How To Design & Style Your Perfect Boot Room

Traditional cream boot room 

As longer evenings bring more time indoors, perhaps you’re thinking about how redesigning your space can improve the flow of your household. With a season of winter walks and wet weather ahead, the humble but mighty boot room is a great place to start. Below we’ll explain what a boot room is (and why you might need one), and outline design and styling tips that will be helpful if you’re designing a new boot room in your home or repurposing an existing space for more functionality and flair.
Remember, you don’t need to have a large room to feature this handy space – boot rooms can be incorporated into porches, hallways, and even cupboards.



(Image credit: Real Homes)

Traditionally found at the back of country homes, a boot room acts a buffer between the outdoor elements and the cosy interior of your home – a space to rinse off muddy boots, drop soggy coats, and towel off wet pets before
traipsing through a clean house. This also functions as a useful storage space, especially for items that are often taken in and out of the house, such as dog leads, sports equipment, and winter wear.
By keeping this clutter out of the rest of the house, not only will everything you need be close to hand on your way out, but you’ll also find it easier to keep other rooms in order, helping the household run smoothly.


Devol Boot room

(Image credit: Devol)



When designing a boot room from scratch, the first thing to consider is who will be using the space (and what for), and you can then incorporate necessary features into the design. This might include a sink large enough to wash furry friends in, or with a tall tap for filling flower vases.

To keep your boot room looking neat and organised, the right storage is key, so make a list of everything you intend to keep in the space and figure out what storage solutions you’ll need, and then build outwards from that.
Consider a mix of open and closed storage. Open storage is great for everyday coats and dog leads that are reached for often, whereas closed storage keeps lesser-used items (such as sports equipment, or winter coats during summer
months) out of sight and out of mind. While bespoke cabinets are more costly, they can be made to fit the space perfectly and ensure that every inch is maximised.

Think about the flow of the room when designing the layout – a bench right next to the front door will encourage guests and family members to remove mucky shoes without delay, while hooks close to hand mean wet coats won’t be dumped on surfaces or the floor.



Bootroom scene featuring a colour scheme of pink and purple and our british made oak welly boot racks and peg rails with picture ledges above

If the layout of your space is already in place (perhaps you’re giving an existing porch or utility room a boot room makeover), there are plenty of things you can do to improve functionality and make the room fit for purpose, without calling out a carpenter.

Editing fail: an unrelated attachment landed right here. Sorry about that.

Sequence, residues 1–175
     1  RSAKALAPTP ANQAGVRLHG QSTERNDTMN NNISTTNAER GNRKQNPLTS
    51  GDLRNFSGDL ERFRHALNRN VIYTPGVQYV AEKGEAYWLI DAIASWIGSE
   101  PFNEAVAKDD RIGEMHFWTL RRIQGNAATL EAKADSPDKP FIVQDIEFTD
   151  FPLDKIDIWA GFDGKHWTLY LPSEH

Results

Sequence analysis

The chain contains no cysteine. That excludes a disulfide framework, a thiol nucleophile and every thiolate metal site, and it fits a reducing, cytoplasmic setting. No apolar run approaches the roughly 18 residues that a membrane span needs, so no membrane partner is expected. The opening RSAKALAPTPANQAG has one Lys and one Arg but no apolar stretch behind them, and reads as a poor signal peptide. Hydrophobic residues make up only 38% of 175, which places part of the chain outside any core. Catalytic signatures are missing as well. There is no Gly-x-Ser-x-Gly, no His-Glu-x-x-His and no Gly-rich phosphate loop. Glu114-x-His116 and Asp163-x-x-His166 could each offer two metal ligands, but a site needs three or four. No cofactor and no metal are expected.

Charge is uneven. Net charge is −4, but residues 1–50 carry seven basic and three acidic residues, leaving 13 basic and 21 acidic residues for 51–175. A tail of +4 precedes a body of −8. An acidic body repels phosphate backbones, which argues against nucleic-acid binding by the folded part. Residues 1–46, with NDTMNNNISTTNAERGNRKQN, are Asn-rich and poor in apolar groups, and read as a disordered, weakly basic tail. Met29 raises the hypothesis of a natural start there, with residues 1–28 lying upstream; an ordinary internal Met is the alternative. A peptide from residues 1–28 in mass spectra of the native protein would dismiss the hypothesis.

Start by re-painting walls with a Class 1 washable paint so that splash marks and
splatters can easily be wiped clean. Choosing dark, strong colours will mean mud and dirt are less visible, but don’t think this means you have to stick to greys and blues. Why not use this informal room of the house to experiment with deep jewel tones like purples, reds or rich shades of green.
For even more durability, consider adding panelling to the lower half of the walls this will offer further protection against scuffs and can add a lovely design element to the room as well.
If you have a bench in your boot room, blend practicality and style by upholstering cushions in durable, washable fabric. Experiment with a bold print for a playful energy, or evoke a traditional country house with a tartan or check.



hallway with oak peg rails, boot rack, shelves and coats

If you don’t have a dedicated space, but you’re allocating a corner of your home as a boot area, the tips above (like considering the flow of the space, storage, and durability of paint and fabrics) can still work for you.
Adding hooks and shelving is a great way to maximise the practicality of even the smallest space, like an under-the-stairs or hallway cupboard. Floating shelves are a smart addition for hallways, or spruce up simple shelves with a statement bracket design.
If you can fit a bench into your hallway, opt for one with storage underneath. When fitting hooks, remember to leave plenty of space between them to allow for bulky coats. If possible, we recommend fitting hooks and peg rails over a radiator, as the rising heat will help to dry damp clothes. If you’re creating your boot room space in a cupboard, consider adding a vent to allow for good ventilation.



oak boot jack

When it comes to kitting out your boot room, you don’t have to sacrifice style in the name of practicality. We’ve selected our favourite boot room accessories below that will make your space extra useful, while doubling up as beautiful design pieces:

Boot Jacks in rustic oak or industrial steel help keep hands clean while pulling off muddy wellies.

Welly Boot Racks & Stands will keep boots neatly to hand and avoid trip hazards (and keep boots free of creepy-crawlies if your boot room has an external door).

Keep a dust pan and brush close to hand to keep floors clean – we love a long handled one like this design that doesn’t require constant bending over!

And of course, a large, durable doormat like our coir doormats will act as an initial buffer for outdoor debris.

For further style inspiration, why not browse our Boot Room collection here.


Blue boot room with shelves and hooks